We’ve covered the first five questions of seeker-oriented outreach:
Now, let’s take a look at the sixth and final question:
6) How can we provide long-term spiritual nurture to all of our members/attenders and create opportunities for each Friend to provide that long-term spiritual nurture to others?
When we consider outreach from the perspective of the seeker, the journey is not complete until we have reached this step. The new member of the meeting is fully integrated, which means not only receiving long-term spiritual nurture but working to provide that same spiritual nurture to others.
How will we know we’re doing this?
The meeting provides religious education opportunities for people of all ages. Meetings find a variety of ways of doing this. Some have religious education as a whole, often based in storytelling, with all ages working together to explore Quaker faith and practice. Others have regular First Day School for children and/or teens and a separate series for adult religious education.
In providing religious education—especially for adults—we often assume that those gathered have a stronger knowledge base than they actually do. If your meeting hasn’t talked within the last year about the basics—expectant listening in worship, individual and corporate discernment, why Quaker business process works the way it does, and how our faith guides our everyday lives—then it’s time to do it again.
Friends speak often about how their faith influences all areas of their daily lives. And speaking of how faith guides our everyday lives—there’s really no need to wait for religious education opportunities to have that conversation. Are Friends brave enough and safe enough during meeting gatherings to share their struggles with listening to God? Do we ask one another for prayers? Do we talk with one another about how Spirit influences our behavior at work, our choices at school, and our relationships with our neighbors? Do we tell each other about our spiritual practices, such as prayer, private worship, walks in the woods, or reading Scripture? Quakerism is an apprenticeship tradition, so speaking about these things on a regular basis is an important part of mutual spiritual nurture.
The meeting prioritizes meeting the needs of parents of young children. All Friends deserve our loving care, but I believe we can only be fully engaged in mutual spiritual nurture when we prioritize the needs of parents, because parenting may be the single most difficult and most vital ministry to which a person can be called.
Friends often say things like “if we nurture the parents, we nurture the kids.” That’s absolutely true. But we should also remember that parents are not only extensions of their children. They themselves are valuable and whole presences in our communities, and they themselves deserve particular attention and nurture during the years when they’re doing the extremely difficult work of raising kids.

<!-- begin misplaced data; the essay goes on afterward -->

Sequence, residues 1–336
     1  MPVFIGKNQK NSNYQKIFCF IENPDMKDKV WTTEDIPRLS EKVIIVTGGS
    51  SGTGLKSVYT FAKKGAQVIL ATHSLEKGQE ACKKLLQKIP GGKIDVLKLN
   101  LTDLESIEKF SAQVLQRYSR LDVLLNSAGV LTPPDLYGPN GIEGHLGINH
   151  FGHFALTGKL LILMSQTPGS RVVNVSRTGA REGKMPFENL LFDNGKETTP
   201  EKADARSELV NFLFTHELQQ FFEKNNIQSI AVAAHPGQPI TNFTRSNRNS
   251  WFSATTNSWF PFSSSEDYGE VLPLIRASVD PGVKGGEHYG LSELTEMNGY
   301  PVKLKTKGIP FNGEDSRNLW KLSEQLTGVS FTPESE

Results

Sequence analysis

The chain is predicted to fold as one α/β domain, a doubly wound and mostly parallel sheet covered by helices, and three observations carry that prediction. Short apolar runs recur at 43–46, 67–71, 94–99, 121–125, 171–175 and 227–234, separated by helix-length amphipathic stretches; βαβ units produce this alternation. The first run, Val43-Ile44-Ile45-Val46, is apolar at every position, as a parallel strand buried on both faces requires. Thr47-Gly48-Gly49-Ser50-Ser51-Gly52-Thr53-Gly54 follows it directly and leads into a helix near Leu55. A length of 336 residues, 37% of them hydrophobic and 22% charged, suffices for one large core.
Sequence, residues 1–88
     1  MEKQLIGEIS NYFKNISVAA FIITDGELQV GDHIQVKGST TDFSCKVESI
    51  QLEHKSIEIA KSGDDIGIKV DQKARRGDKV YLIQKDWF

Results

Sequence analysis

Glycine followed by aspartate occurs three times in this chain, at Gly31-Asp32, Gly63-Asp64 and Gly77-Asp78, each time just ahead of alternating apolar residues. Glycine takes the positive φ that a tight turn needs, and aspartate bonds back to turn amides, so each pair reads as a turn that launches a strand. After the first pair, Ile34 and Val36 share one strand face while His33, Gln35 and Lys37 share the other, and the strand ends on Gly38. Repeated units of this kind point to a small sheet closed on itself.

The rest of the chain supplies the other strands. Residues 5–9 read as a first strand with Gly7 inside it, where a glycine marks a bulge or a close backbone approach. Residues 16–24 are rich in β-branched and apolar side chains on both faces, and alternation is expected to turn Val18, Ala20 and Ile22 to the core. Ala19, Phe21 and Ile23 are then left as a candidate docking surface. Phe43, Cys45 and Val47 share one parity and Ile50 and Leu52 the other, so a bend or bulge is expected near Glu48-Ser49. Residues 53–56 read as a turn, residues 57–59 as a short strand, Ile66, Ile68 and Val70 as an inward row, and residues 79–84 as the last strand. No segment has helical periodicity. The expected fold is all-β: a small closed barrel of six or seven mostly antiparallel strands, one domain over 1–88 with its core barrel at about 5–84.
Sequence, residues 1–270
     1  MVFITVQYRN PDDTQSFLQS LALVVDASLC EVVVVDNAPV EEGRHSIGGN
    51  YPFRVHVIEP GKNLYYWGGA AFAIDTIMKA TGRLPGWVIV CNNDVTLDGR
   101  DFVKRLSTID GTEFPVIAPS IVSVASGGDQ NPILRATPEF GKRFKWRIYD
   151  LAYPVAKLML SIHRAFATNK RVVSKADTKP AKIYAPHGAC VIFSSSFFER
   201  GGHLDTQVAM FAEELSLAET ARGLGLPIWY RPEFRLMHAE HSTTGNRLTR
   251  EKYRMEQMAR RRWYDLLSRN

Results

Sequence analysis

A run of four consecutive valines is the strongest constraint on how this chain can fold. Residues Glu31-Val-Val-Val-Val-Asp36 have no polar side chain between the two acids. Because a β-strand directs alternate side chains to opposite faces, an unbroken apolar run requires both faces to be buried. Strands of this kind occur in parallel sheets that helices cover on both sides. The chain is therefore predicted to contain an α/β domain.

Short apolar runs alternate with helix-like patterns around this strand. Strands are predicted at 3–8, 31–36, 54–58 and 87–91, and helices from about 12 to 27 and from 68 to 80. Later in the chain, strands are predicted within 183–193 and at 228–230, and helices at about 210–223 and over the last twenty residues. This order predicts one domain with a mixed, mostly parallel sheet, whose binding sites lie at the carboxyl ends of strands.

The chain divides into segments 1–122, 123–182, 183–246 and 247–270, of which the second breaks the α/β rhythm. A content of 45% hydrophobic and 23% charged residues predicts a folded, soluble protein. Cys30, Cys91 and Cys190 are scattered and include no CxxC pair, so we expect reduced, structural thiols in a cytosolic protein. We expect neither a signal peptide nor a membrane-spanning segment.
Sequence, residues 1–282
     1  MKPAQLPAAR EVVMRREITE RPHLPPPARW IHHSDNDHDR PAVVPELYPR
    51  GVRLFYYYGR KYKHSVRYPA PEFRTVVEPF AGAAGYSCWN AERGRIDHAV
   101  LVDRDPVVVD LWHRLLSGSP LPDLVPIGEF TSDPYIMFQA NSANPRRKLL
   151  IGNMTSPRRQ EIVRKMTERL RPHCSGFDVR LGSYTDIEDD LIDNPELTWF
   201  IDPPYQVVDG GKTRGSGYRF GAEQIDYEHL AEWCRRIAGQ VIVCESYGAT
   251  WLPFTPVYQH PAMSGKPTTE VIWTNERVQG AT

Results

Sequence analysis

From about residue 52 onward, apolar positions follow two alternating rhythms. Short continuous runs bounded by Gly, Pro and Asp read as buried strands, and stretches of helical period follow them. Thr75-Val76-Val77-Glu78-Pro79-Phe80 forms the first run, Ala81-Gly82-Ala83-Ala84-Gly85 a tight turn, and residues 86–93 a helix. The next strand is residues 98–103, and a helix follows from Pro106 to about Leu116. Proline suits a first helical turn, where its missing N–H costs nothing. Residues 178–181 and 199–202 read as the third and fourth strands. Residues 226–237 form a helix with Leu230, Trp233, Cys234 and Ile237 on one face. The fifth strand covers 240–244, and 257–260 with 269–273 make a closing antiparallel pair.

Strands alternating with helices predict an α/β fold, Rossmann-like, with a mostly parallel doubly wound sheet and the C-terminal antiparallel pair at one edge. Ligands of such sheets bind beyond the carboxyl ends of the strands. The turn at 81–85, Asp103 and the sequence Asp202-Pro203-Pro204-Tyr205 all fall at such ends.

Friends are familiar with each other’s gifts, and committee service is rooted in this. Many Friends’ meetings are beginning to recognize the importance of understanding spiritual gifts. Each of us has gifts—things we do uniquely well—and these gifts come from God and are to be used for the benefit of the broader community. In this way, we are designed to be mutually dependent.
Sometimes it can be hard to see others’ gifts. We might be so blinded by our frustration with someone (he never makes the coffee right!) that we can’t notice the wonderful things about them (he puts in too many coffee grinds because he’s distracted, listening to Friends who have gone to him for comfort. Hmm…maybe he should be serving on the pastoral care committee instead of the social hour committee?)
It can also be difficult to see our own gifts. The tasks we find particularly easy or joy-full are often strong indicators of spiritual gifts, but it can be tempting to undervalue our own contributions in those particular areas exactly because we find the task relatively easy or fun!
Meetings can tackle these problems by building a practice of intentionally noticing and affirming the spiritual gifts of one another and especially by emphasizing this in the work of nominating committees.
Children and teens are welcomed and supported as participants in meeting functions. Though we don’t always do it perfectly, we generally make the assumption that our eventual goal for adults is full participation in all meeting functions (to the degree that they are led). But sometimes we don’t think that way about children or teenagers. Sometimes we figure that as long as there’s a First Day School program—and as long as we tell the teens “you’re always welcome in meeting”—that the job there is through. Instead, I challenge us to assume that the goal for children and teens is also to be able to participate meaningfully in all meeting functions (to the degree that they are led)—social gatherings, committee meetings, business, worship, work days, and so forth. We must provide the necessary support that makes this possible. (That’s not to say that there shouldn’t be separate programming for children and teens, but if a child or teen does feel led to participate with the broader community, this should always be a highly-supported option.)
This is the last of this series of articles. The seeker has proceeded from discovering that Quakers exist to finding a local meeting to deciding to visit to deciding to come back to developing a sense of belonging to becoming a fully integrated, nurtured-and-nurturing member of the meeting community. Only now can we say that the work of outreach to the seeker is complete.
Is your meeting doing these five things so that all Friends received long-term spiritual nurture to all of our members/attenders and create opportunities for each Friend to provide that long-term spiritual nurture to others? If not, might you personally feel called to step up in any of these ways?